There are 30 individual muscles per hemisegment of the Drosophila
embryo. Formation of these individual body wall muscles depends on the specification and fusion of two myoblast cell types, founder cells (FCs) and fusion-competent myoblasts (FCMs) (discussed in greater detail in Chapter X). Each FC contains the necessary information to direct the formation of a specific muscle. FCs can be identified by expression of identity genes, such as the transcriptional regulators even-skipped, apterous, slouch and Kruppel
. The combination of identity genes expressed by a particular FC is thought to regulate the final morphology of the specific muscle. FCMs, in contrast, are thought to be naïve cells. Upon fusion to an FC, FCMs become reprogrammed to the FC’s specific developmental program, as witnessed by each newly incorporated FCM nucleus expressing the FC’s particular combination of identity genes (1
). Myoblast fusion is a reiterative process; depending on the particular muscle, body wall muscles in Drosophila
embryos arise from between 2 and 25 fusion events (6
Fusion occurs during stages 12 to 15 [7.5–13 hrs a
aying (AEL)]. FCs/myotubes and FCMs are arranged in multiple cell layers prior to and during the fusion process [; (7
)]. As fusion commences, the mesoderm is arranged with the FCs occupying both the most external and internal positions with multiple layers of FCMs found in between (). As germband retraction and dorsal closure proceed during stages 13 and 14, the ventral FCs/myotubes and FCMs move externally to lie underneath the epidermis and central nervous system (). While some FCMs contact the FCs/myotubes and are responsible for the initial fusion events, the remaining FCMs are located more internally and must migrate to find their fusion partners. An appreciation of these cell arrangements and movements is essential for the analysis of myoblast fusion.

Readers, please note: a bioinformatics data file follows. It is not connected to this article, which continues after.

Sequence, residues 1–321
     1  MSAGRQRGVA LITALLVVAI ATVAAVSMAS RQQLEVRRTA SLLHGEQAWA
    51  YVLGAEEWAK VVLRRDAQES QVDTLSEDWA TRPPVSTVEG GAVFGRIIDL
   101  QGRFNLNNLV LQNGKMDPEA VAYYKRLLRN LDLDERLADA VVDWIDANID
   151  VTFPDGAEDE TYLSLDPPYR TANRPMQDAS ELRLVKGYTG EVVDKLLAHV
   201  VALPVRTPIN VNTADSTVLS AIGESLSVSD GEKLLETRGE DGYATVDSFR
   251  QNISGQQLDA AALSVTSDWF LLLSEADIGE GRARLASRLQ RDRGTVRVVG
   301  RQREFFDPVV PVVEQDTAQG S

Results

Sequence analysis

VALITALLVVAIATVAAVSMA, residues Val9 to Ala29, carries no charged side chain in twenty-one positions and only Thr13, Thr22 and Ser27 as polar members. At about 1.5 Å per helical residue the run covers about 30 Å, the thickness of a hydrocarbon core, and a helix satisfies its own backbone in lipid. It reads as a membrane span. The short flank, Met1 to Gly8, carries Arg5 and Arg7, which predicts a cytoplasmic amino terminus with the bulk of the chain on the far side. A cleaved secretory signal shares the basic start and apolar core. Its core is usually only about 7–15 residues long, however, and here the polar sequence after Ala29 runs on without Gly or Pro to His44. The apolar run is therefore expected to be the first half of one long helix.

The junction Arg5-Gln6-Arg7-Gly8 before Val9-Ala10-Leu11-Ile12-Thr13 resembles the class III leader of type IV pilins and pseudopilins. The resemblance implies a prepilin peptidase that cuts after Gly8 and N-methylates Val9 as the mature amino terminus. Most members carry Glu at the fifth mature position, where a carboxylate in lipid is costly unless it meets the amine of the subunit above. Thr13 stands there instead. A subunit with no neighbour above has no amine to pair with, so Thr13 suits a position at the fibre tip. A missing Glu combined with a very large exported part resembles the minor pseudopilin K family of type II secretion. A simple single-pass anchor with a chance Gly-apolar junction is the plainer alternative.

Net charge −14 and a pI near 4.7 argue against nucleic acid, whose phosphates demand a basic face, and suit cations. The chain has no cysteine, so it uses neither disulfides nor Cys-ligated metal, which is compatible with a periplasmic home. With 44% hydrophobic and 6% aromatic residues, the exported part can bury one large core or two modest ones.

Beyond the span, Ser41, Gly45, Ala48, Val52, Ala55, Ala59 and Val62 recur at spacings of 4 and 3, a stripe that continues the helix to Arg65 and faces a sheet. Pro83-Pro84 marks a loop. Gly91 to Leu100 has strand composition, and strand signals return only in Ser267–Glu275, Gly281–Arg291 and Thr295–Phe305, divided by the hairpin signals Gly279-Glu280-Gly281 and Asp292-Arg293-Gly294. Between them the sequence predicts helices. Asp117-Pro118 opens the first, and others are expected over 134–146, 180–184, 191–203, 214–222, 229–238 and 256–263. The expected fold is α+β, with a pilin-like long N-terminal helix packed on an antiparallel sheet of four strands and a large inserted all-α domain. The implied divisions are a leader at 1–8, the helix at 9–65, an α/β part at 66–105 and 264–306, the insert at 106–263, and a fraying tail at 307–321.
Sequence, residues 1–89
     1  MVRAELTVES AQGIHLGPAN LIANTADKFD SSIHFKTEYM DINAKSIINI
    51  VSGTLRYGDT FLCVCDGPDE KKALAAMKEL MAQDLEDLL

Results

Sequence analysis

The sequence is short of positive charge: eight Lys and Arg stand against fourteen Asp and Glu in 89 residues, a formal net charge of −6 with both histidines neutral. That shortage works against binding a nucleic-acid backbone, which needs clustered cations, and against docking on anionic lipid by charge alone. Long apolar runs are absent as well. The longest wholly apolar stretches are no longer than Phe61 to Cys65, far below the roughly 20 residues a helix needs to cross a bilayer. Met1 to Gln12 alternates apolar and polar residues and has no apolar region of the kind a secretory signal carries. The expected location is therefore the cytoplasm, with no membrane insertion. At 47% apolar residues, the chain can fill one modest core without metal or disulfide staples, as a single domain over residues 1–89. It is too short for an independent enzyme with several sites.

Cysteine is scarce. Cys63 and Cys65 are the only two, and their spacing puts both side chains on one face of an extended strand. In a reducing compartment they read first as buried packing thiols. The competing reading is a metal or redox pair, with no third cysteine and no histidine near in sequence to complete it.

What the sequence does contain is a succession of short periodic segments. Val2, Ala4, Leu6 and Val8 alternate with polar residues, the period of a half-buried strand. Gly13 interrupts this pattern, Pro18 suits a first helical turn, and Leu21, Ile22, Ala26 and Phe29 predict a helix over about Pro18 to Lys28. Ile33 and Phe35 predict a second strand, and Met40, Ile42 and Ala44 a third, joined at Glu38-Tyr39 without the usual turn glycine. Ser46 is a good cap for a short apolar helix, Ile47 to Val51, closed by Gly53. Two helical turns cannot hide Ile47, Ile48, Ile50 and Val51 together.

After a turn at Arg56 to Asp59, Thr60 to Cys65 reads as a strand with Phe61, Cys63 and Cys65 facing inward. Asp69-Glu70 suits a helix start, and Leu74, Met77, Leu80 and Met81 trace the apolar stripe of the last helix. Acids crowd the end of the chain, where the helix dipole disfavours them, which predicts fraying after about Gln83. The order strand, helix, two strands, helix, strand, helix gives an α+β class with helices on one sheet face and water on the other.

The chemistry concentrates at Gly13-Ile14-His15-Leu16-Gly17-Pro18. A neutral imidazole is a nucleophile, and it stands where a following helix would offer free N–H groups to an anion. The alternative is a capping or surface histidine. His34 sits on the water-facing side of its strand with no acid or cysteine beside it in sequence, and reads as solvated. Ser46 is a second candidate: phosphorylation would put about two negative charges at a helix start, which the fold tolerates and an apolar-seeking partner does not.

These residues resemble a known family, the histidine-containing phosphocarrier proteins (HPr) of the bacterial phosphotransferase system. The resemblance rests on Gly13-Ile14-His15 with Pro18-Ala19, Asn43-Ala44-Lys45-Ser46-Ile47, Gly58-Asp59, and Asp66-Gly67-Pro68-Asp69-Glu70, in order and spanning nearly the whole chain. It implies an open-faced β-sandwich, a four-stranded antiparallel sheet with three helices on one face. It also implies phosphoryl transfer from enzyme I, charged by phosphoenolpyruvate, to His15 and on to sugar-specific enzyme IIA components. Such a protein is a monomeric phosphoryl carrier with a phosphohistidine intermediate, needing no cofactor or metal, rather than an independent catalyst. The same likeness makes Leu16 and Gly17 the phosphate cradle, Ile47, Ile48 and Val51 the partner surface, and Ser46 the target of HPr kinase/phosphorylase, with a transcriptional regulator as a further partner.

FC and FCM arrangements and fusion profile of individual muscles
Fusion does not start concurrently in all muscles [; (7
)]. For example, fusion begins during stage 12 (7.5–9.5 hrs AEL) in the dorsal DA1 muscle, but does not begin until stage 13 (9.5–10.5 hrs AEL) in the ventral VA2 muscle. However, for all muscles examined to date, the majority of fusion events occur during stage 14 (10.5–11.5 hrs AEL; ), making this a particularly useful stage for the analysis of the cellular biology underlying myoblast fusion.
While genetic analysis has revealed a number of genes required for the fusion process (reviewed in Chapter x), their precise function during fusion has been hampered by the lack of direct, cellular assays. For example, while many of the known genes encode regulators of the actin cytoskeleton (8
), the impact of cytoskeletal rearrangements on fusion were unclear. Furthermore, the arrangements of FCs and FCMs (7
) have implicated a critical role of migration in the fusion process that remains to be analyzed. Lastly, the site of fusion has only been implied by localization of proteins implicated in fusion and not directly located. To address these issues, we developed live imaging techniques in Drosophila
to further our understanding of the myoblast fusion process. This chapter deals with the methodology and considerations underlying this approach including collection and mounting of the embryos for live imaging, as well as the imaging itself and techniques for processing and presenting the data.